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What Distance Between Holes When I Aerate Lawn?

By: Dr Gareth Evans - Updated: 29 Sep 2012 | comments*Discuss
 
Aeration Compacted Compaction Clay

Q.

I intend to aerate my lawn using a 'hollow tine' tool, but would like advice on the distance between holes etc. We live on an area that has been reclaimed from use as a quarry, and the lawn is no more than 12 inches above a compacted layer of clay. The Lawn was laid about a year ago and appears to be very wet, though not waterlogged.

(R.S, 13 March 2009)

A.

Yours is an interesting question – principally because it raises a whole lot of other issues beyond simply the distance between the holes!

You don’t say what type of soil your garden has above the clay layer and this is important in terms of your choice of aerating tool. Hollow tine aerators are great for heavy soils – they pull a core of soil out with them, which leaves good, wide channels for air to circulate – but they shouldn’t be used on sandy soils.

Assuming that this is the appropriate tool for your type of ground, the usual advice would be to make the “spiked” rows the same distance apart as the tines are from each other, to produce an even pattern of holes across the surface. I’m not clear from your question whether you intend doing the whole lawn – or, indeed, how big a patch of grass we’re talking about – but in general terms, you’d normally only expect to aerate actual problem areas, rather than the whole lawn, unless it’s a very small one.

Aerate Or Drain?

It’s difficult to be sure without seeing your site, but I’m tempted to ask why you’re thinking of aerating in the first place. Aeration is generally used to break the compacted layer that typically forms in the top three inches or so of a lawn when soil particles have been squeezed together – typically after very heavy use of the lawn, or the passage of time. Your lawn is only a year or so old – which makes this kind of natural near-surface compaction very unlikely.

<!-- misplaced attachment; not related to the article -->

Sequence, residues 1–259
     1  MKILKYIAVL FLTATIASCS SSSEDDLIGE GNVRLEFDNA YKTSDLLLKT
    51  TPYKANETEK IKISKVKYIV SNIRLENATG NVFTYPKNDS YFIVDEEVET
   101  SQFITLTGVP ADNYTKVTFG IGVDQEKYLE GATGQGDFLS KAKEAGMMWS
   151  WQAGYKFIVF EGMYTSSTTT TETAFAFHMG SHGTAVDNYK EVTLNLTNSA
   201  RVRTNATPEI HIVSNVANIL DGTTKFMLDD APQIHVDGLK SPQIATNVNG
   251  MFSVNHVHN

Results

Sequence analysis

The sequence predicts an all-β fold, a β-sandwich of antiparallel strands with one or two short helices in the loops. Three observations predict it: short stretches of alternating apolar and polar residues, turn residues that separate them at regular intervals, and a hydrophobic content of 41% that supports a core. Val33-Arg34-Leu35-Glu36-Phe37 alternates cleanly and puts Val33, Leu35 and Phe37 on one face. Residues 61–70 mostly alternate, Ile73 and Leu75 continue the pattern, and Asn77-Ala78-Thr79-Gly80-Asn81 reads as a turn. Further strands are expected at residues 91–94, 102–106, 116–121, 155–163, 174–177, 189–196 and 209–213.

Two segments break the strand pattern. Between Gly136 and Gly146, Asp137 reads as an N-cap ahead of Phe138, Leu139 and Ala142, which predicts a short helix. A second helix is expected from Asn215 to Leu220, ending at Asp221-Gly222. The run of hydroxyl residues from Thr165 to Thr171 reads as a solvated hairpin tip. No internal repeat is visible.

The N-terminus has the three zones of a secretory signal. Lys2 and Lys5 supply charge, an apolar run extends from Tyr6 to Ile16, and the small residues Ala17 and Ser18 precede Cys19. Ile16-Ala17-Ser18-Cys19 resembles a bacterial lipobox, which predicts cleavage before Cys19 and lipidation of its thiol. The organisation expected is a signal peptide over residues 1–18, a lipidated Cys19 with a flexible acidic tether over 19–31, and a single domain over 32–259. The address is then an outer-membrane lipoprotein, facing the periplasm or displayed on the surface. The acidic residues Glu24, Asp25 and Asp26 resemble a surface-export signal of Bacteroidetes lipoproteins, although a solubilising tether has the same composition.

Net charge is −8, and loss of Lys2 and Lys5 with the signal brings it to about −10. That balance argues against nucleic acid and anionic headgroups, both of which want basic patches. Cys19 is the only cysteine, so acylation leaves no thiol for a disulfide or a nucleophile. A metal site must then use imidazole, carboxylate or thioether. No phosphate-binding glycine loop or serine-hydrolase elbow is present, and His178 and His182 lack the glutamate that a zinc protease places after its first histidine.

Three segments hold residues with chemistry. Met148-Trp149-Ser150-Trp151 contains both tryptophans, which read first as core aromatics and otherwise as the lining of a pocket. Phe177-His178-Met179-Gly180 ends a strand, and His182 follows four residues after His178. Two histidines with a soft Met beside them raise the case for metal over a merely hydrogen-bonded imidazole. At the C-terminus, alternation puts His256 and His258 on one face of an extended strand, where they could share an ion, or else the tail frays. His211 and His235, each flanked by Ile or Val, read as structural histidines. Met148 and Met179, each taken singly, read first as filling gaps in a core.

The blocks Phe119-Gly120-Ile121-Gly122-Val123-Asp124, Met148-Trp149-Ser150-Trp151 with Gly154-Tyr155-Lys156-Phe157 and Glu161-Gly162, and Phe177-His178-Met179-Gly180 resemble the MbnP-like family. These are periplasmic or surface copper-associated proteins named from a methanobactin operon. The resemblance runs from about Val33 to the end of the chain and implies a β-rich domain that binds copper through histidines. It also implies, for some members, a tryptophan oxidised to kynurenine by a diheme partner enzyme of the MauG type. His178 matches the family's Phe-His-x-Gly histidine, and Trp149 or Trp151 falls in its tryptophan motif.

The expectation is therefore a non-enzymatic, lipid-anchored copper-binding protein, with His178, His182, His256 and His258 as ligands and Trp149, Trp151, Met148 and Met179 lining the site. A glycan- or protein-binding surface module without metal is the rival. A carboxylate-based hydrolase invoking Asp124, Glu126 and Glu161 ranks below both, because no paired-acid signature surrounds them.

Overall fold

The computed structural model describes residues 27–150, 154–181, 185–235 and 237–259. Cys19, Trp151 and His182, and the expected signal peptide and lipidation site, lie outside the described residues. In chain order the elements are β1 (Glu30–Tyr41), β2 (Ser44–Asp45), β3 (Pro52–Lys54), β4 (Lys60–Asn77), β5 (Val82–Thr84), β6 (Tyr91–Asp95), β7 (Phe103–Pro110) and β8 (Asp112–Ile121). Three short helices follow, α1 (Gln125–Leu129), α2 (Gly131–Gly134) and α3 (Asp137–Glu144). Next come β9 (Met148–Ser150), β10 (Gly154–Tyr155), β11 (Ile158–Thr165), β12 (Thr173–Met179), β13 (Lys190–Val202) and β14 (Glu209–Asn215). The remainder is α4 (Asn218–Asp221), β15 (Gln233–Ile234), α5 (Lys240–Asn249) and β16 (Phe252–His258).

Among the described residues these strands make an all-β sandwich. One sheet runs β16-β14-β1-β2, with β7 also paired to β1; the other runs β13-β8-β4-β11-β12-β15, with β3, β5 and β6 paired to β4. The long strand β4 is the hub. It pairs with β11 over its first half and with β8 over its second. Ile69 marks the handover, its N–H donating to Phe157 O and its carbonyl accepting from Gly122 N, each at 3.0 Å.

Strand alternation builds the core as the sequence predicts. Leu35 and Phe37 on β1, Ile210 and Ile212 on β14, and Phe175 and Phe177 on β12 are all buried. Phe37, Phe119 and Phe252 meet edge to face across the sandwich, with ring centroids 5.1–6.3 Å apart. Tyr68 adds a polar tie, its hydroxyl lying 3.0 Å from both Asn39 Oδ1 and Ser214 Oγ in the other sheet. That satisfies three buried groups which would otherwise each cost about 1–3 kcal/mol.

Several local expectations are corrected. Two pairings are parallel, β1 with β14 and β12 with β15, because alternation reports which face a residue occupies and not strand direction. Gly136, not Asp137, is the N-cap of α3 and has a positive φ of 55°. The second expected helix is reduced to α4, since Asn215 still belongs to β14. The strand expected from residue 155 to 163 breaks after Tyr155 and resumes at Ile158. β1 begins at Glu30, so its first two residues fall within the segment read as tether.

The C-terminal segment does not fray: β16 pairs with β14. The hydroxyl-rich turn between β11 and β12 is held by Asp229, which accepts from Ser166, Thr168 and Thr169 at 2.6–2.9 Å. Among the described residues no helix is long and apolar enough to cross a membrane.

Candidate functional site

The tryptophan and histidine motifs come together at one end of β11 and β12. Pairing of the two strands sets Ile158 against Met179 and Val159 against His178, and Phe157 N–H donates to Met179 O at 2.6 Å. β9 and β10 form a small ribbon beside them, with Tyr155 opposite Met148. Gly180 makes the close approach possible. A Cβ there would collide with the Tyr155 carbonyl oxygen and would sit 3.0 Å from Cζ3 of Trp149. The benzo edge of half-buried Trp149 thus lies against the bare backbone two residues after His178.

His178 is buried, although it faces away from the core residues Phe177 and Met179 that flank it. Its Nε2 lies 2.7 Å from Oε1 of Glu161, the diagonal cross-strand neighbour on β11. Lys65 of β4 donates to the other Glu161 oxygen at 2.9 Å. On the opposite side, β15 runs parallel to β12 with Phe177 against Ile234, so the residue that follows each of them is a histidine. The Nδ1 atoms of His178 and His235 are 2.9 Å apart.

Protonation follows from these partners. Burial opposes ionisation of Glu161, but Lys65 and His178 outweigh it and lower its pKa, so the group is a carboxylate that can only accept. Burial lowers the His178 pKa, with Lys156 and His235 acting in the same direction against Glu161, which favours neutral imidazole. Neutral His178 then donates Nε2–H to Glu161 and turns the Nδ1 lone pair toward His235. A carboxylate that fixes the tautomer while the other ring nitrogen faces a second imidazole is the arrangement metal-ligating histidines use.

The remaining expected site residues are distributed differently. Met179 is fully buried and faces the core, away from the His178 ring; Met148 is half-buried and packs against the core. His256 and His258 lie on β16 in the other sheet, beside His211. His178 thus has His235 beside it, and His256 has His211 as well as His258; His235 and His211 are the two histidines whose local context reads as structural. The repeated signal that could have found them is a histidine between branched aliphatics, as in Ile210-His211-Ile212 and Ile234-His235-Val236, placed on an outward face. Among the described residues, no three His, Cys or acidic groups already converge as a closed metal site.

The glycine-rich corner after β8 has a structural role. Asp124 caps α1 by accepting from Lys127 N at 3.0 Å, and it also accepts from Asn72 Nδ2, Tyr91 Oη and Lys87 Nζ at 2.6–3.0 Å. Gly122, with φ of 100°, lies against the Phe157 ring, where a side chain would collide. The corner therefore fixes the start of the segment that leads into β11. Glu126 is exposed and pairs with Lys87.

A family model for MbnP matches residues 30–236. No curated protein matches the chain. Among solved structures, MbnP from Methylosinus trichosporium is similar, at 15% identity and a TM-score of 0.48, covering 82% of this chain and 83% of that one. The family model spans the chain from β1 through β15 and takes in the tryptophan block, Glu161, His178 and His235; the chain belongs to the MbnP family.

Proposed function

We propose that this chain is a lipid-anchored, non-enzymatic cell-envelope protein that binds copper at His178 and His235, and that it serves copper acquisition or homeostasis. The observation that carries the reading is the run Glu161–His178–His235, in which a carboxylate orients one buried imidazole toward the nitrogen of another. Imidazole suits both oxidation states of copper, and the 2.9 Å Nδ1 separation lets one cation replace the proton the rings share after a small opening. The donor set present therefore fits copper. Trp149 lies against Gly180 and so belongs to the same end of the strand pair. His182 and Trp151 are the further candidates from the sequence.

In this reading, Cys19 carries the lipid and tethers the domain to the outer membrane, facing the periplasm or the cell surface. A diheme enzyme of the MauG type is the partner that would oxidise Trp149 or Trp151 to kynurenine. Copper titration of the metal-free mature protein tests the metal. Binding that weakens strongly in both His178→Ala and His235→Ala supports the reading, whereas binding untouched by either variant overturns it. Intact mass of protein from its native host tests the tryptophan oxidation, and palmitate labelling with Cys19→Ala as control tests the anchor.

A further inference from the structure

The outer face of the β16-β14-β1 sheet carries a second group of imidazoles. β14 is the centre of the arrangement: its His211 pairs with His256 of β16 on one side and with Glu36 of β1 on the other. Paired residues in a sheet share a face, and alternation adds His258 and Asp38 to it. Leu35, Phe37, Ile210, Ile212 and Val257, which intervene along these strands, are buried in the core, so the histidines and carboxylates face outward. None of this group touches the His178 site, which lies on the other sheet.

What worries me about the situation you describe is that with compacted clay so near to the surface, I’m not at all sure that aeration is going to make any difference. As I said before, it’s always difficult to make too strong a diagnosis without actually being able to see things for yourself, but it seems to me that there’s a very good case for making a serious improvement to the drainage – or else it sounds like you’re always going to run the risk of having a fairly boggy lawn, with all the problems that entails.

Laying full drainage, usually a series of clay pipes in gravel filled trenches, is not often worth the cost and upheaval, but there’s pretty broad agreement that it’s the best approach for sites with impermeable clay subsoil – and often the only real hope of success. I honestly think that before you spend too much time and money on aerating or trying any other “surface” remedy, you’d probably be best advised to get a local land drainage adviser in to have a first-hand look at the problem.

I’m sorry to be the bearer of bad news, but if my suspicions are correct and you do get the right professional help at this point to sort out the drainage, you should end up with a lawn to be proud of – and be able to enjoy it for years to come. Good luck!

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